70 Below Wind Chill

by Susan Firer




Black ice enters the collective
vocabulary.  Vapor midair freezes;
ice crystals are everywhere.
Oatmeal sounds good.
The city stumble closes.
In the stalled Siberian front (-25),
not one pair of long johns are left
in our cold local Target.  Through
it all, the lake moves east in ice,
beautifully gives itself up, rises
in human-shaped steam bodies,
like a late night scare movie.
Steam devils the shivering weather-
man calls the human-sized ghost
shapes that dolphin-tail-walk move
over and away from the forming ice.
The lake gives itself up, returns all 
its ghosts:  swallowed snow mobilers, &
great lake ship captains, murdered
wives, the passengers of capsized boats,
suicides, & diaper-tossed, drowned, lost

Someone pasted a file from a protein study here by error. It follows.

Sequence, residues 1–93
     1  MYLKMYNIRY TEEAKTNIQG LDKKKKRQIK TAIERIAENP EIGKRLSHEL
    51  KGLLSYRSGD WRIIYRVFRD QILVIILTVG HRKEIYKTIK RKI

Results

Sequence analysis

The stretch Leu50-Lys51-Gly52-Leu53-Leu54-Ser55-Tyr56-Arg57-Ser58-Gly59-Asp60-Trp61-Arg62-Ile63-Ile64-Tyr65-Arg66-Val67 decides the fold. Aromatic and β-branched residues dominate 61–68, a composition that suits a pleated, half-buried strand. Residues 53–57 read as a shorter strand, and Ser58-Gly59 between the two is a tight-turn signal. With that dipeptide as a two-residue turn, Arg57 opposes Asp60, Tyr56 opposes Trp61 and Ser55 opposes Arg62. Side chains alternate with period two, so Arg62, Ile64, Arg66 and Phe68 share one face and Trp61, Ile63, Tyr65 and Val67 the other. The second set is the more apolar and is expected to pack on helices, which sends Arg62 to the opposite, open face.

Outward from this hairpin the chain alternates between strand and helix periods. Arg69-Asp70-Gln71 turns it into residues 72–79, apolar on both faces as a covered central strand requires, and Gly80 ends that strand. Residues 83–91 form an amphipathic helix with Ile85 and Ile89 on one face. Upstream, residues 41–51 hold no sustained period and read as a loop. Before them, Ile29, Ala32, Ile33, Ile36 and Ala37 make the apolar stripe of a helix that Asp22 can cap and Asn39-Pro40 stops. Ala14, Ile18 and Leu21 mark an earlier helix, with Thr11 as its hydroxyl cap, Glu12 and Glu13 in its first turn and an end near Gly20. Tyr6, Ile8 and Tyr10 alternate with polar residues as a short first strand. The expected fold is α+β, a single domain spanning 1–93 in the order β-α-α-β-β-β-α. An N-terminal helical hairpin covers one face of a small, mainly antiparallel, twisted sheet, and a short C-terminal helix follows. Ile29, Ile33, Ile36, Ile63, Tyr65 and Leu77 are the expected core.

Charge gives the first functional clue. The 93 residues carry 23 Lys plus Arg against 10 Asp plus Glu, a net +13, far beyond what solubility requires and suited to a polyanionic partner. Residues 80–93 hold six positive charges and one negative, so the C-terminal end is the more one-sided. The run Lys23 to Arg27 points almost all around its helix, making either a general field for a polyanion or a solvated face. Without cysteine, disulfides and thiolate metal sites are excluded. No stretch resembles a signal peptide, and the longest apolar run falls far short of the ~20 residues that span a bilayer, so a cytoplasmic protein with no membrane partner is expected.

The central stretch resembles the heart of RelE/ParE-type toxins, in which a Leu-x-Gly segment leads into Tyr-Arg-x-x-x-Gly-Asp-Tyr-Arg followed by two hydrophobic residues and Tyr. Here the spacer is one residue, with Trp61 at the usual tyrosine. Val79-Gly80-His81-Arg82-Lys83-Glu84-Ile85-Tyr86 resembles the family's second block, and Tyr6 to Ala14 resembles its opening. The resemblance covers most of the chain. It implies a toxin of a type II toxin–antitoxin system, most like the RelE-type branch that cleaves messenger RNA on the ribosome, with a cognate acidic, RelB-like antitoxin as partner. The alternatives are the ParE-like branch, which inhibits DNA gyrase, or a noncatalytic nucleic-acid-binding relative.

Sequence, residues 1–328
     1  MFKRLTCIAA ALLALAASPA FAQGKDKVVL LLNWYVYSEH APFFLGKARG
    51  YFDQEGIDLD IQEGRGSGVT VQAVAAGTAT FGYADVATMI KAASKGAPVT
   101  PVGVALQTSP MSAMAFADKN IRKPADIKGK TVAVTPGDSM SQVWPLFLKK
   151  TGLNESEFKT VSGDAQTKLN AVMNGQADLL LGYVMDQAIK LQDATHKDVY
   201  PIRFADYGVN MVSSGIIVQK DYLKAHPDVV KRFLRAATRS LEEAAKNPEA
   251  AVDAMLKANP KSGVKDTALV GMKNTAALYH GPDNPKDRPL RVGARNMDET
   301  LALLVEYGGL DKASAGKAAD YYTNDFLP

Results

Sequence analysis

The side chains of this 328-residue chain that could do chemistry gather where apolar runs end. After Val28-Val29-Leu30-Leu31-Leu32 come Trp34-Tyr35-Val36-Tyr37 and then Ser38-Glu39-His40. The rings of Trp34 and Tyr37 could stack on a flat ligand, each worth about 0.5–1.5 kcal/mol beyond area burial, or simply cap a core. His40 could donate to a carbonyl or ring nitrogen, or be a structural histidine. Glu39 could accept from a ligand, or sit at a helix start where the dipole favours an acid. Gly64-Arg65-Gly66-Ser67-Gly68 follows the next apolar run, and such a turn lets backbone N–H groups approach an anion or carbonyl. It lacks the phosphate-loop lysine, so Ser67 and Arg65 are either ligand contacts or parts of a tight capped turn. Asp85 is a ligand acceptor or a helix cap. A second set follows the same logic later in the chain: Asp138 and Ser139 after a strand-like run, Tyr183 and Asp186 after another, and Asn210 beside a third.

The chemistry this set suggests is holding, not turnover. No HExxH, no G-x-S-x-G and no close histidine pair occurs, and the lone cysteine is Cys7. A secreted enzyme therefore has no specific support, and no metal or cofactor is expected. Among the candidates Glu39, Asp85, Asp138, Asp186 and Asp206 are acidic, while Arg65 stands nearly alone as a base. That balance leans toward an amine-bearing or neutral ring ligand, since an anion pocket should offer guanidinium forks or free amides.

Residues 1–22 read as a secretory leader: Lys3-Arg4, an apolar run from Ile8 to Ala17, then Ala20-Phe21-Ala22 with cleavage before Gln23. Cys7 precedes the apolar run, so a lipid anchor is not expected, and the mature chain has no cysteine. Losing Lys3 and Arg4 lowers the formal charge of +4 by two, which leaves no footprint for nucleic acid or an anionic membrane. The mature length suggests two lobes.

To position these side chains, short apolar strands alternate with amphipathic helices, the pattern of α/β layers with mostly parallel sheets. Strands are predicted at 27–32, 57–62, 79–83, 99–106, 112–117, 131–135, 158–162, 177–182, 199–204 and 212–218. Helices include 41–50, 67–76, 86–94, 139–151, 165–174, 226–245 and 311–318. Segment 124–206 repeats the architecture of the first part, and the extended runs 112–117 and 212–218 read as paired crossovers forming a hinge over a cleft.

babies.  All come forward with the cremated 
lake-buried dead, all wild shaped as spring
overgrown-alley, light-lavender lilacs.
And if you look long enough, everyone &
everything you've ever known comes toward you
& becomes you.  Every night
on the TV news weather report
they show frost bit toes, or ears, 
or fingers.  Last night, the toes
looked like odd-crescent chocolate
cookies dipped in C&H sugar; the fingers
were one shade darker than river salmon. 







All contents copyright © 1997, 1998
The Blue Moon Review, All Rights Reserved.